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The Shawnee News-Star
Here are some music-related opinions you could really live without.
Collecting Bowie
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By Marty Peercy

Marty Peercy is a musician and writer from Shawnee, OK, currently living in Chicago, IL. He avoids water because of a pathological fear of sharks and that practice has stood him in good stead, as he has never yet been attacked by a shark. So far, ...

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Marty Peercy is a musician and writer from Shawnee, OK, currently living in Chicago, IL. He avoids water because of a pathological fear of sharks and that practice has stood him in good stead, as he has never yet been attacked by a shark. So far, so good.

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Aug. 15, 2012 12:01 a.m.




I’ve always been a collector. As a child I collected GI Joe and Masters of the Universe figures and toys. As a pre-teen and teen I collected baseball cards (and as an adult… as Mitch Hedberg said, “I still do, but I used to too.”).

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I’ve always been a collector. As a child I collected GI Joe and Masters of the Universe figures and toys. As a pre-teen and teen I collected baseball cards (and as an adult… as Mitch Hedberg said, “I still do, but I used to too.”).



In early adulthood I collected rare books, because I had finely tuned my pretension.







Now I’m collecting Bowie.



As in, I’m now in the habit of spending time and money in the pursuit of owning David Bowie’s official discography- in its entirety- on vinyl.







“Why?” is a question I’ve been asked, and fairly.



I answer variously.



“Why wouldn’t I?”, is one answer.



“There’s nobody better than Bowie and I want to have all of what’s best,” is another.



“Shut up and mind your own stupid business,” is probably the most sensible and complete answer I can give.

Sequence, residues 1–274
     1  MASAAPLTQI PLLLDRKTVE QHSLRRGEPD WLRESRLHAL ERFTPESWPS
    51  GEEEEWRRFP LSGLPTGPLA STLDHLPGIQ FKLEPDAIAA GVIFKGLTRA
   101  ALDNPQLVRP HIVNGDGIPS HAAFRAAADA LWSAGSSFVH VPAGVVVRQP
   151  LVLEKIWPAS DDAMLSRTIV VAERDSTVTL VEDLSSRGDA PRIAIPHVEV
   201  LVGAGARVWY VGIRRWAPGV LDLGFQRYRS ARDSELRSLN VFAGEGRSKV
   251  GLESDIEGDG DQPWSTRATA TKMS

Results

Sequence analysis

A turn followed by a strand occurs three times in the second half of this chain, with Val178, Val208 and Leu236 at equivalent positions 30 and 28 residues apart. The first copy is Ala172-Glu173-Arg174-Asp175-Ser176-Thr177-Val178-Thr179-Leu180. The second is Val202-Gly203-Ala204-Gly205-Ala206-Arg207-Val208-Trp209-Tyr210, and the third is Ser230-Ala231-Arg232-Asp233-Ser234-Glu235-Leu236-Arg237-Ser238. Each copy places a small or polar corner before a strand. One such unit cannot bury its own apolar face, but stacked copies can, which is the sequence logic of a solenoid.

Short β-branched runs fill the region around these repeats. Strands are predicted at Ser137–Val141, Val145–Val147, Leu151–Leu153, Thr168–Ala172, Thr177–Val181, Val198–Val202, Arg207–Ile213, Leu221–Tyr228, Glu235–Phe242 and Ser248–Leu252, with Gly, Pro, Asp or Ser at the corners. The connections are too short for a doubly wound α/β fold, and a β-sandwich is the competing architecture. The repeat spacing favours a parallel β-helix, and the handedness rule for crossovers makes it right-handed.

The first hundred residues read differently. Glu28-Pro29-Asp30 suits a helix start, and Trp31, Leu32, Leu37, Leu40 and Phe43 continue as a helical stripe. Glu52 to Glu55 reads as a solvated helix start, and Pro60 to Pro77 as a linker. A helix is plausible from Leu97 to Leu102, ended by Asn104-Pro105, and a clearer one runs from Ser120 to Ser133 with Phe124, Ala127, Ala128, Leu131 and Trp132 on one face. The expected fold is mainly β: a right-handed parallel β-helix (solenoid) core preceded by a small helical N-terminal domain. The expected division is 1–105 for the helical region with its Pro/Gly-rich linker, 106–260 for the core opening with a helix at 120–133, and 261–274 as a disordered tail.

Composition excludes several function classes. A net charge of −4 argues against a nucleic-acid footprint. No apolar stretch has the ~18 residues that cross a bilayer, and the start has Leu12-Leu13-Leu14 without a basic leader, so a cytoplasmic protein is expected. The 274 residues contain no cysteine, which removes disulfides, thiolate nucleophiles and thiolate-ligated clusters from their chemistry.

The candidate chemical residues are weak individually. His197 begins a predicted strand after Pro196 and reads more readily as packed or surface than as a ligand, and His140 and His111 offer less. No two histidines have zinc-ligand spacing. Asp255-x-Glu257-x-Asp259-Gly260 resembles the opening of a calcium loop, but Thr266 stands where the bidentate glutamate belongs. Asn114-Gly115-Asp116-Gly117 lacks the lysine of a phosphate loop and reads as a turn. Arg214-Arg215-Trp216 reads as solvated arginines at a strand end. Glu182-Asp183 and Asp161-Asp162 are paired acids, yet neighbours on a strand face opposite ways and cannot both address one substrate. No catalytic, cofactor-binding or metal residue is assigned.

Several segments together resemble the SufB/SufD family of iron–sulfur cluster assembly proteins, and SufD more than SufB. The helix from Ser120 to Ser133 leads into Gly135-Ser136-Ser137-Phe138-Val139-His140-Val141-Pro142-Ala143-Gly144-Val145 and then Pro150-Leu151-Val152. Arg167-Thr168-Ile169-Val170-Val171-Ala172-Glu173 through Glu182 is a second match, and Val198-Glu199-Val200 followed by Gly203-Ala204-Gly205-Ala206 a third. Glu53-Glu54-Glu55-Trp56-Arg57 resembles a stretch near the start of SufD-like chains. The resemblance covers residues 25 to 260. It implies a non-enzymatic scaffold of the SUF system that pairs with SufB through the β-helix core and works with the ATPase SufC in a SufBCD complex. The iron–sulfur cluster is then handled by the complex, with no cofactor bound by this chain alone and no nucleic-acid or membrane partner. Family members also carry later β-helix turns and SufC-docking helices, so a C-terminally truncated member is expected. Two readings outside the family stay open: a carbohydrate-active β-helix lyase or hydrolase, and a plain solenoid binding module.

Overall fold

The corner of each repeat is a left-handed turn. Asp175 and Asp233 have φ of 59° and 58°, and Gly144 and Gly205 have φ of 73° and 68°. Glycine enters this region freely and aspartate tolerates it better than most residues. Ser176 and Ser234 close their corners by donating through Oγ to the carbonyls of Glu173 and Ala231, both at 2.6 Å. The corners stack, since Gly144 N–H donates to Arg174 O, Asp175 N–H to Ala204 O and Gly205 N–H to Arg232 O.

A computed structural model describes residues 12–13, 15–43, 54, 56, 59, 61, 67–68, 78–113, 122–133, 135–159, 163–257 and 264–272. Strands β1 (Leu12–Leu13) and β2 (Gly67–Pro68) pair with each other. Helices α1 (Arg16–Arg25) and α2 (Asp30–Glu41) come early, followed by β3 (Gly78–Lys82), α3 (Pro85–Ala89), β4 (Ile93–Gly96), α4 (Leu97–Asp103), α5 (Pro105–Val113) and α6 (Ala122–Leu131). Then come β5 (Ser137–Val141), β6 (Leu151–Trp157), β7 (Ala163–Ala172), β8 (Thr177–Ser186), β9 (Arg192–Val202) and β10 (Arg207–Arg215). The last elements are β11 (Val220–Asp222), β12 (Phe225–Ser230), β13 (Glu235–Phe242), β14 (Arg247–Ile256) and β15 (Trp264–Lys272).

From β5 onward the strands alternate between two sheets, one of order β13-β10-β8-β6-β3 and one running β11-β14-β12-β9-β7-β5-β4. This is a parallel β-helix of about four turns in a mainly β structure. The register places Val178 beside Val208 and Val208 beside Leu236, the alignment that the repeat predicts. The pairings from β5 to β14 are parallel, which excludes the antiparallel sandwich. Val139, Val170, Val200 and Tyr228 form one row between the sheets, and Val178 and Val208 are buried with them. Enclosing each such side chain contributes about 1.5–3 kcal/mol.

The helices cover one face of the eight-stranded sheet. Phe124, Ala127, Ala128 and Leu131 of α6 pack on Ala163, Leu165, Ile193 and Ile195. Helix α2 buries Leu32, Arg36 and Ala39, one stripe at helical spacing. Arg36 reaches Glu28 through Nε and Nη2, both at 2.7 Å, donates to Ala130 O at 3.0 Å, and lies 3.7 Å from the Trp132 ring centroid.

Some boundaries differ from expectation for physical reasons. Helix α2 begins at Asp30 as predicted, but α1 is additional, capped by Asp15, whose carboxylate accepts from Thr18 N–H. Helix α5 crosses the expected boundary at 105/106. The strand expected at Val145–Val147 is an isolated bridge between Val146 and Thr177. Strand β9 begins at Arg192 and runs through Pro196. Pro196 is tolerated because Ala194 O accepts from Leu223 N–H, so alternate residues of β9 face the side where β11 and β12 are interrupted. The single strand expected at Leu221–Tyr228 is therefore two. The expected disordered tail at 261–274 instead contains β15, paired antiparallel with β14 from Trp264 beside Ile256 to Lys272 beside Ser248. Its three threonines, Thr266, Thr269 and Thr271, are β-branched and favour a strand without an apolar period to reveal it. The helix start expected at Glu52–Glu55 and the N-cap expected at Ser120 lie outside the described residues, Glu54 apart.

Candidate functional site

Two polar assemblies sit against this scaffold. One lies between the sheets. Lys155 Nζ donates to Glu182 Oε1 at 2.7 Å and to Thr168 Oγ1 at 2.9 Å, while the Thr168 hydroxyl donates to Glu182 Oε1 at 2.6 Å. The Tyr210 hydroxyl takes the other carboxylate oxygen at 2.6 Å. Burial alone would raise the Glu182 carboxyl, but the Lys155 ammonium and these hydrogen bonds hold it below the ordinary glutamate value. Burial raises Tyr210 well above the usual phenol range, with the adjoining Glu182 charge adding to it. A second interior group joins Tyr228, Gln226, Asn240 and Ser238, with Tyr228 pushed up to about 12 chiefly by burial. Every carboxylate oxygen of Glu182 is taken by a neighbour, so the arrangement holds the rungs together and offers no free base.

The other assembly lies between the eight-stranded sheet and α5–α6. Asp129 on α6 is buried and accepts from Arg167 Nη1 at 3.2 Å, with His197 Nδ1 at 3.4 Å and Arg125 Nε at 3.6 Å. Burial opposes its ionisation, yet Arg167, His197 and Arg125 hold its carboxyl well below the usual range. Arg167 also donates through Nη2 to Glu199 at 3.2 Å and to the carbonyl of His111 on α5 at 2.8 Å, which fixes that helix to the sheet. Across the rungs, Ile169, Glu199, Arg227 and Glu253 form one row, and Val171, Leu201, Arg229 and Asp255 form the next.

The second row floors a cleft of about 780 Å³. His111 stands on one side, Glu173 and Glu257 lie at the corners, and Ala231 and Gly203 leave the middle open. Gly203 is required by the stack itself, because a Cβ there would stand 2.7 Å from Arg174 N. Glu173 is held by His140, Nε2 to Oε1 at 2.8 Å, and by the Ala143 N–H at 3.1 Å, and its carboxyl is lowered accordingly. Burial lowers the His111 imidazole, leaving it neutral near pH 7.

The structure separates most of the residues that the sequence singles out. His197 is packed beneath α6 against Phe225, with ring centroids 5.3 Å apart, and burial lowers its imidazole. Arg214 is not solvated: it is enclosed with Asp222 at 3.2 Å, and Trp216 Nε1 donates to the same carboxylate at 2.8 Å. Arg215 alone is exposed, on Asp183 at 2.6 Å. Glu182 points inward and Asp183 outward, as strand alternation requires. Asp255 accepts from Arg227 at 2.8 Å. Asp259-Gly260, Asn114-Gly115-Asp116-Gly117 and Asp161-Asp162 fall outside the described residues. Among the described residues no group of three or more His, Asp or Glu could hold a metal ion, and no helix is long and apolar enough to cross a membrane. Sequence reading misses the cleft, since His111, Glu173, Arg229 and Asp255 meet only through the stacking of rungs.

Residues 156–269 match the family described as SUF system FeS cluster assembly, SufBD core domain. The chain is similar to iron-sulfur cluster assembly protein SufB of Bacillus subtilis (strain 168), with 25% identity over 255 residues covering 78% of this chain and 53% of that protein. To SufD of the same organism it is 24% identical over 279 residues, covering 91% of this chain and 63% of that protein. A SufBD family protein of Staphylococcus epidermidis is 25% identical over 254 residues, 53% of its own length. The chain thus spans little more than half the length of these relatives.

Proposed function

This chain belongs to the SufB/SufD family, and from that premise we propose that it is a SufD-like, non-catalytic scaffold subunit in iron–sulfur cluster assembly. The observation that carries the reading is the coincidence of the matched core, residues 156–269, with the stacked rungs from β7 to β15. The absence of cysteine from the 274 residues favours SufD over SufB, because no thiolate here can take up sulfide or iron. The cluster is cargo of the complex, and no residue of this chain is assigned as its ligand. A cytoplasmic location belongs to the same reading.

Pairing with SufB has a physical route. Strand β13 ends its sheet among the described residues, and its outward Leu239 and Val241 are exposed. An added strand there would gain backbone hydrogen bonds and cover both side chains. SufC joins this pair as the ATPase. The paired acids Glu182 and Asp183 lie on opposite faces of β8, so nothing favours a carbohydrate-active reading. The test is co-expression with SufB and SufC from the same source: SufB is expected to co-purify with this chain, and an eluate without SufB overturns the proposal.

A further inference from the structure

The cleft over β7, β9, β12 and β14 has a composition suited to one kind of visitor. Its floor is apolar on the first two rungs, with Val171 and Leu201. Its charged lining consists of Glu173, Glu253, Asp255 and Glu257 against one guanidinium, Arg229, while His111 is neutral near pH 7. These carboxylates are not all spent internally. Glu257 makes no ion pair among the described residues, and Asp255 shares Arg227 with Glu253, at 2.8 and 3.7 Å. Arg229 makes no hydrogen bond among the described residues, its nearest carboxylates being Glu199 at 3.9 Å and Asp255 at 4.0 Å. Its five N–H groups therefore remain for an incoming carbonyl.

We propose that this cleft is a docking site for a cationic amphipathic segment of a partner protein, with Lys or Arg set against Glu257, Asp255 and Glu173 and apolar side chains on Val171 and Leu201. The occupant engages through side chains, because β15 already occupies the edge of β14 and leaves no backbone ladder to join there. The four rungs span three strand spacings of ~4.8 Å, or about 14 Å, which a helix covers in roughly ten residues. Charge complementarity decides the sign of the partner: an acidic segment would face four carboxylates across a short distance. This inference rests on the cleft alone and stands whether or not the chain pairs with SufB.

The fact is that I’m the kind of guy who obsesses about things. I’ve long been obsessed with the music of David Bowie, his early work especially. I often say that even if you don’t hear it in my actual music, Bowie is the single greatest influence on me as a songwriter.



He was my introduction to concept albums and all but one of my own albums have been concept albums. His work is diverse and beautiful and frequently discomforting if not downright scary. And no popular musician has reinvented themselves as many times, nor as successfully.







He’s the best and I love him and I’ll brook no argument on the topic.







Currently I own vinyl copies of only eight of the 25 studio albums David Bowie released (and two haven’t been issued on vinyl, so let’s say 8 out of 23). I have these and a few more on CD and/or MP3, but that doesn’t really count. It doesn’t sound like many, but let’s see your collection.







Here are the ones I have:





  • Space Oddity (1969) This album was originally released under the title David Bowie: Man of Words, Man of Music. The later title is obviously superior. And I love my copy and will always keep it, but I would give my eye teeth for a good first issue under the original title and cover art.




  • Hunky Dory (1971) This is my favorite Bowie album. My record is near-mint but I’d sure buy a better sleeve to keep it in. (Vanity, is what it is. I want it to look as good as it sounds.)




  • The Rise and Fall of Ziggy Stardust and the Spiders From Mars (1972) Probably Bowie’s most famous album, or at least most popular. I’ve owned no fewer than four different copies of this album. Smart money says I’ll buy more before I’m done.




  • Diamond Dogs (1974) This album is scary and has a dystopic future/post-apocalyptic feel, a theme I’ve liberally cadged throughout my work. My copy is in excellent condition and you’ll get it from me when you pry it from my cold dead hands.




  • Young Americans (1975) Bowie’s most “saxophony” album. I own one copy (that I listen to way too often) but I own two sleeves. One has a badly damaged copy of Diamond Dogs inside and I will give that to you if you want it and ask me nicely.




  • Station to Station (1976) I own an incredible first pressing of this record (that I got for an astoundingly cheap $9!) and have never been able to listen to it only once. Side B ends and I flip it back to side A for a second spin. It’s beautiful.




  • Let’s Dance (1983) This album has my favorite Bowie song, “Modern Love”. It’s a happy dance tune with perfectly bleak lyrics. “I don’t believe in modern love,” he sings. Agreed.




  • Tonight (1984) This album boasts my favorite cover art. He’s painted blue and appears almost as a religious icon super-imposed over a stained-glass window. Weird and beautiful, just how I like my Bowie.






Now. What’s my next purchase? Whichever one I come across next. My priority is Aladdin Sane (1973), a record I HAVE NEVER SEEN. More likely I’ll pick up Pin-Ups (1973), an album in pretty thick supply at record stores (I’m guessing there are so many copies because it’s a studio album comprised entirely of covers).







After I own all the studio albums I’m sure I’ll feel an overwhelming sense of peace and fulfillment. One week later I’ll start tracking down all the live albums, bootlegs, and novelty releases I can find. This is my quest, and it is a noble one. I guess.

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